‘Facing Stigma’ with Everett W.

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“My interest in serving really started on 9/11 when I was a junior in high school in Greenwich, CT. Being that close to NYC and growing up in the area, I had a firsthand look at the devastation it caused in my community. I knew people who lost their mothers and fathers and had their entire lives uprooted by the course of that day. I was dead set on going into the military but wanted to get an education before signing on the dotted line. After high school, I pivoted away from collegiate sports so I could focus on going through the ROTC program at Wake Forest. It taught me a lot about what it meant to be a leader in respect to a military career path and further reaffirmed how much I wanted to join. After graduation, I signed up to be an engineer and a week later I was in Fort Sill at a basic officer leadership course. After going through a variety of courses, I graduate and then was sent to Fort Lewis where I was given command of a platoon that deployed for Iraq in April 2008. While deployed, our job was to drive 5 miles an hour for 14 hours looking for bombs. I got hit by three separate IEDs while I was there and it was one of those things where you just dust yourself off, reorganize, and keep driving. I led 163 combat missions before I ended up severely breaking my arm and being forced to finish that deployment as a battlefield liaison for my battalion. After coming back from that deployment, I spent the next few years doing brigade operations and it was a complete contrast to the environment I had just left. A lot of the guys from my unit, myself included, started having issues adjusting back to the normal day-to-day. After getting out of the military and moving to New York, the transition only got worse. I became more hyper vigilant and started drinking a lot to cope with everything. As I was trying to get everything sorted out and turned around, I received news that my good friend Frankie had died by suicide.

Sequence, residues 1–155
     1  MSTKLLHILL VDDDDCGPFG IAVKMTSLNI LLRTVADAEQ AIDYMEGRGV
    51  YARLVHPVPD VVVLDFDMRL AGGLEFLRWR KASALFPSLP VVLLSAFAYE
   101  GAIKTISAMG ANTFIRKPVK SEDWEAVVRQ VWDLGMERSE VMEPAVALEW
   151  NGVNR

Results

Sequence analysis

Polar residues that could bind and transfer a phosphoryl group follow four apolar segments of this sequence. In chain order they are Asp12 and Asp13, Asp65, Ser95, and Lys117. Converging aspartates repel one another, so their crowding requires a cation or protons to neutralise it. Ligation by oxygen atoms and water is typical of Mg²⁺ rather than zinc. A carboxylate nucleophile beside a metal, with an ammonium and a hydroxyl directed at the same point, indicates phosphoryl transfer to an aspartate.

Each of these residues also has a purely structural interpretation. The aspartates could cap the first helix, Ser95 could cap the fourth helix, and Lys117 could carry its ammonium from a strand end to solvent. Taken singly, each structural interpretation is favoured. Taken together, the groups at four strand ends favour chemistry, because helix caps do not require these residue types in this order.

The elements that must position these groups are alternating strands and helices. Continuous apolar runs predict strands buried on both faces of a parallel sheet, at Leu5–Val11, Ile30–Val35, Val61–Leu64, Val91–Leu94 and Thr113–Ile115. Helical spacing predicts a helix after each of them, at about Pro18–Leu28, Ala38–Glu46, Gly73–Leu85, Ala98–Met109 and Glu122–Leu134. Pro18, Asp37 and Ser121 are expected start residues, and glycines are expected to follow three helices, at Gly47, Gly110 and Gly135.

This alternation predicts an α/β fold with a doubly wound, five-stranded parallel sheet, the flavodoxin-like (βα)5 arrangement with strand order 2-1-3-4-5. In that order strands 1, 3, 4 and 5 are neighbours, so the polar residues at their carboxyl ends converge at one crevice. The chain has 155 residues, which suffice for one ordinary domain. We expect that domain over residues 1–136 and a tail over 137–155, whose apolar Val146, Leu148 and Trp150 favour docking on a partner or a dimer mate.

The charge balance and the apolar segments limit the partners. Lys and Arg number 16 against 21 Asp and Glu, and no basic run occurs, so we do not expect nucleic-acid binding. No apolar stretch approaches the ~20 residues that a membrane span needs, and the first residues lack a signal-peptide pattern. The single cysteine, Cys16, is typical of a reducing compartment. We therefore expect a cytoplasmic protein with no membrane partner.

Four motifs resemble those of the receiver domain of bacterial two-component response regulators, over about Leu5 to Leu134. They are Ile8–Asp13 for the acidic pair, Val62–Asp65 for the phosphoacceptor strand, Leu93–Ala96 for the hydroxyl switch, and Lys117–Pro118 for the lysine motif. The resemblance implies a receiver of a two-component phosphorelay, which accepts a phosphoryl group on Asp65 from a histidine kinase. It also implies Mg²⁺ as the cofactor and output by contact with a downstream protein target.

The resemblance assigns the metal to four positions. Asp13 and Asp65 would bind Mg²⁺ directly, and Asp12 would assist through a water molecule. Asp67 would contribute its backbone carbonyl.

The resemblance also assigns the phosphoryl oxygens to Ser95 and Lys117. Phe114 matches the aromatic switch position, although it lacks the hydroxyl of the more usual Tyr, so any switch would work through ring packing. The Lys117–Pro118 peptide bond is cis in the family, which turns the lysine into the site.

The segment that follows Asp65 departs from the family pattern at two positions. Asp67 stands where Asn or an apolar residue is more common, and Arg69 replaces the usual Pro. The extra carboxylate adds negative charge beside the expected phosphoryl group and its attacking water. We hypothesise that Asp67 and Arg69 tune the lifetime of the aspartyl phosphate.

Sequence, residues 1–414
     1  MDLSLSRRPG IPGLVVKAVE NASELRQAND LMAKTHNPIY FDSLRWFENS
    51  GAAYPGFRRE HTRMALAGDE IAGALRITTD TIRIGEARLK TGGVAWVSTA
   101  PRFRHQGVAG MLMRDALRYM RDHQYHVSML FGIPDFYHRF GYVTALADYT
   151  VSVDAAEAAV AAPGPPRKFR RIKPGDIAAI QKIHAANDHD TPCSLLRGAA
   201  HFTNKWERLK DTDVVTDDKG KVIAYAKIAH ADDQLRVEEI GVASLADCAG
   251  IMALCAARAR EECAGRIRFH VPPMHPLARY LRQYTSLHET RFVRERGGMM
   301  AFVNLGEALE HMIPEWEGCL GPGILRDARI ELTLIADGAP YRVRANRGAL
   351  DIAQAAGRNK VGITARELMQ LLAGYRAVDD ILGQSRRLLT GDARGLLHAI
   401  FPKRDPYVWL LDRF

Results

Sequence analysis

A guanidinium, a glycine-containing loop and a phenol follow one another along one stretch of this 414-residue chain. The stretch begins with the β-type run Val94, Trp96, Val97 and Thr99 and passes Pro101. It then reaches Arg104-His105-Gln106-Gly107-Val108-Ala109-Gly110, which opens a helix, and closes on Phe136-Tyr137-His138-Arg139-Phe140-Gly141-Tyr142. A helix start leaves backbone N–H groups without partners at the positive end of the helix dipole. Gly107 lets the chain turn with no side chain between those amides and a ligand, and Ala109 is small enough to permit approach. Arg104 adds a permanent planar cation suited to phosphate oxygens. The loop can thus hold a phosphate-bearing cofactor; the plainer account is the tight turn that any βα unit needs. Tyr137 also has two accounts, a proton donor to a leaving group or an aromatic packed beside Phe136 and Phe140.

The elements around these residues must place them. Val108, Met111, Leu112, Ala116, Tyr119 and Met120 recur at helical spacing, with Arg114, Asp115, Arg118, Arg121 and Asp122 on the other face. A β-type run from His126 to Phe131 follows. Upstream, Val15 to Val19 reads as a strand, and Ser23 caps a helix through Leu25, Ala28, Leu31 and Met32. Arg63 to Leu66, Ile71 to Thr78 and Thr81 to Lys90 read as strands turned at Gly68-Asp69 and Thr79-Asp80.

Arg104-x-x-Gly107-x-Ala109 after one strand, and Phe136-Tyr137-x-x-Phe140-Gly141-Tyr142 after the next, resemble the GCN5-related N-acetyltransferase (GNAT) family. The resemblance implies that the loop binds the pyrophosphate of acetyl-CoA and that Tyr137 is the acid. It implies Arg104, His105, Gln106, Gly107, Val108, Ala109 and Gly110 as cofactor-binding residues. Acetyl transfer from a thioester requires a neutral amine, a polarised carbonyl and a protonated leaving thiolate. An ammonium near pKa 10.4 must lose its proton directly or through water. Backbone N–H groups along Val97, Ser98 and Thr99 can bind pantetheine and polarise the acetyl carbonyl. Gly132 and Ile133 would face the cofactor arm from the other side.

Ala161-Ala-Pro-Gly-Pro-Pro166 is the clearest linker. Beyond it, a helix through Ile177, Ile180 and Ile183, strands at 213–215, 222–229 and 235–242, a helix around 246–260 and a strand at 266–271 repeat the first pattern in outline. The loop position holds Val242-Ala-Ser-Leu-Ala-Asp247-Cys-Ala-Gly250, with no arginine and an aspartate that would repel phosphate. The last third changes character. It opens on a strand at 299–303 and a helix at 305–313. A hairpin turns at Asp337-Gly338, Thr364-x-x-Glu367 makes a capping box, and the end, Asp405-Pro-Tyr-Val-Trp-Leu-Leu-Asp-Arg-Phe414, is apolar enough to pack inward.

Frankie was somebody that I had gotten really close with during my time at Fort Lewis and a friend I confided in often. His unit had taken heavy casualties and he had to deliver something like 33 flags to the family members of the fallen. I knew it had taken a toll on him and I really kept at him to get help and talk to somebody. He turned to drugs and other coping mechanisms, but after his girlfriend left him everything spiraled. Just going through all of that changed everything and forced me to take an inventory of my own life and address some of my own issues; getting a grasp on my own mental health has been pivotal in enabling me to become the best version of myself. By seeking treatment through Headstrong, I have not only been able to identify my trigger points, but also understand what happened in my life to contribute to those triggers being present. The program helped me to retrain my brain to identify them so that I could process those feelings and develop tools to deal with the things I’ve experienced. In dealing with my own mental health and the loss of my good friend, my eyes opened to how pervasive these issues are in the veteran community. I knew I wanted to do something about the suicide epidemic in the veteran community and also honor the memory of Frankie, so almost 5 years ago we launched our charity, Operation: Heal Our Heroes. When we first decided to launch this effort, our goal was simple — if our efforts could save the life of one veteran, then it’s all worth it. That’s one of the things I really try to champion through HOH. That we’re all in this together and the only way to fix the problem is if we all work collectively to keep a lookout and inform friends and family of services available to them. I’ve taken a lot of pride in what we’ve done and I know Frankie would be proud of us.”

To provide mental health treatment to veterans like Everett, please consider donating to the Headstrong Project at http://getheadstrong.org/donate/

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Healing the hidden wounds of war

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